Since the European Economic Community came into being in January 1958, the nations of Western Europe have been forging ever closer bonds through new institutions, most notably a European parliament, a common market, and a joint security force. The Treaty on European Union, signed in February 1992 in Maastricht, will take European integration considerably further. The treaty established plans for a common currency and common policies on foreign and security affairs and on justice and internal affairs. Realization of the goals laid out at Maastricht would, in the words of AEI Research Fellow Jeffrey Gedmin, constitute "the greatest voluntary transfer of sovereignty in history."
Two new volumes edited by Mr. Gedmin and published by the AEI Press consider the likelihood and significance of a tighter European Union. European Integration and American Interests: What the New Europe Really Means for the United States ($29.95 cloth, $14.95 paper) contains thirty-six essays by public officials, academics, business leaders, and journalists from the United States and Europe. The essays are grouped into three subject areas--economy and trade, political cooperation, and defense and security--and address critical issues such as the likely effects of European union on free trade between Europe and the United States and the consequences should plans for further European integration fail.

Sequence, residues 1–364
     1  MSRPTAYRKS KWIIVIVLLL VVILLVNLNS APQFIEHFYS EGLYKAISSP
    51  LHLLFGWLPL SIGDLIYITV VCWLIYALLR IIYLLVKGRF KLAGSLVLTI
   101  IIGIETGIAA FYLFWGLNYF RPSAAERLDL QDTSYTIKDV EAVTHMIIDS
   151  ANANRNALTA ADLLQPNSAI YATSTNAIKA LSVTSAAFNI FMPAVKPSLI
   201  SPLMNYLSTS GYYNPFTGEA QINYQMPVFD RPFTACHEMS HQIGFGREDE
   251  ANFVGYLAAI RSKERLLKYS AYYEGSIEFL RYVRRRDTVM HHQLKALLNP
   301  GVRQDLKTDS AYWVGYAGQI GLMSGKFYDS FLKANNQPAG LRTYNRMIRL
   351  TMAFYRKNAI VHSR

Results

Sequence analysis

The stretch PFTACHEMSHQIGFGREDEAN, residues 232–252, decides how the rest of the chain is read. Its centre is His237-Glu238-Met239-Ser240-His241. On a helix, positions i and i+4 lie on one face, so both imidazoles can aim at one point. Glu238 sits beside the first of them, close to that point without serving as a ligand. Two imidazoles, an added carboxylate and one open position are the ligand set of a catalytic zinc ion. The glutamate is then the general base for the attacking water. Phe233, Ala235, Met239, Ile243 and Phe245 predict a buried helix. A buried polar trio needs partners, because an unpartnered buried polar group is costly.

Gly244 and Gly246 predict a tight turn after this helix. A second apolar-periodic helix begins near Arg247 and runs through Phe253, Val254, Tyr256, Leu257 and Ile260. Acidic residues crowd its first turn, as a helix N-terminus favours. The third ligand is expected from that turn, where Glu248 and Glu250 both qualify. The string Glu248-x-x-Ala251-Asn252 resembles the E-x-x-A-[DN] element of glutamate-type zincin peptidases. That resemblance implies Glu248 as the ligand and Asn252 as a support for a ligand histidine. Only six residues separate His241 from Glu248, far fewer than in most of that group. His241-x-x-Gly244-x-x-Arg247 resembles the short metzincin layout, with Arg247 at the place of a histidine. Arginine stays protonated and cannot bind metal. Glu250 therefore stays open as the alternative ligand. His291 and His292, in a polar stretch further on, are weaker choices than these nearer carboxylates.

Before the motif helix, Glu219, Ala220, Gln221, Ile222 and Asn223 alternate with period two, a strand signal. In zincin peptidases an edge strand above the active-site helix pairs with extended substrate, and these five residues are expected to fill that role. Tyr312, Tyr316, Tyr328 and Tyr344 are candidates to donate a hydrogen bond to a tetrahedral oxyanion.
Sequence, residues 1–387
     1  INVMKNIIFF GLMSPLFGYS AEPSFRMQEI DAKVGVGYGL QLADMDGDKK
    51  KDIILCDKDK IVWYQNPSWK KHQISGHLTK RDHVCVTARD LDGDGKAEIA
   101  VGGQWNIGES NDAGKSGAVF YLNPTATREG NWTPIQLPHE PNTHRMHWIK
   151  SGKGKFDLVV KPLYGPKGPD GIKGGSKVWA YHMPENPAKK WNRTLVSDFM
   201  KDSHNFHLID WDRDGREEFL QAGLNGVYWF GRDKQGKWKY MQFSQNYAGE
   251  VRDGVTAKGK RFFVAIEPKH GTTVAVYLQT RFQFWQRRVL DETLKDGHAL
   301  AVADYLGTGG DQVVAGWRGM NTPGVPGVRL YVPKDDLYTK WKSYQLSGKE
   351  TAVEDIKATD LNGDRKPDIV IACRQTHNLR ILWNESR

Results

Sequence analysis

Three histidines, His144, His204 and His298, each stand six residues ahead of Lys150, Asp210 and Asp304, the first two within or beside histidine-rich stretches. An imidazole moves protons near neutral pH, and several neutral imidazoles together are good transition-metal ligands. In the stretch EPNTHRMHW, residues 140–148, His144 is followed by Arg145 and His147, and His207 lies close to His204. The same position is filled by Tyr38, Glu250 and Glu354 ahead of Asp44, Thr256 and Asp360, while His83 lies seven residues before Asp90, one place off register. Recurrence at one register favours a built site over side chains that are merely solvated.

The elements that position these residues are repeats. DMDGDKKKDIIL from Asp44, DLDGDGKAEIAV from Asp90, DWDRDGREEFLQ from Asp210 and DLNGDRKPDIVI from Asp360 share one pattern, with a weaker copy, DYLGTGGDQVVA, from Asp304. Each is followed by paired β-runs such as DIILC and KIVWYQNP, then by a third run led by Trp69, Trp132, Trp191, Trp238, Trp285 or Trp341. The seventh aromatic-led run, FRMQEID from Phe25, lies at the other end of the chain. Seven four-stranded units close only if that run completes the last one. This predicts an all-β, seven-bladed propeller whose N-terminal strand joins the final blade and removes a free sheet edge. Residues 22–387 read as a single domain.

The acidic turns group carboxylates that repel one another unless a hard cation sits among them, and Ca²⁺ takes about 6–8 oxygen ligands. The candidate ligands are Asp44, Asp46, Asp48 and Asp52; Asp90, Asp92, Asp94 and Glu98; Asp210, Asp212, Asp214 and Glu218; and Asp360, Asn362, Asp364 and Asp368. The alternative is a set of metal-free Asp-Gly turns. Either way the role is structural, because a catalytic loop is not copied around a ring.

A Single European Currency? ($9.95) focuses more precisely on the politics, prospects, and likely consequences of the European Union's efforts to adopt a single currency that would replace the various national currencies of member states. The book contains essays by Otmar Issing, a member of the directorate of the Deutsche Bundesbank; Vá Klaus, prime minister of the Czech Republic; Allan H. Meltzer, a visiting fellow at AEI and Allan H. Meltzer University Professor of Political Economy at Carnegie Mellon University; and Paul Mentré, executive secretary of the Committee for the Monetary Union of Europe.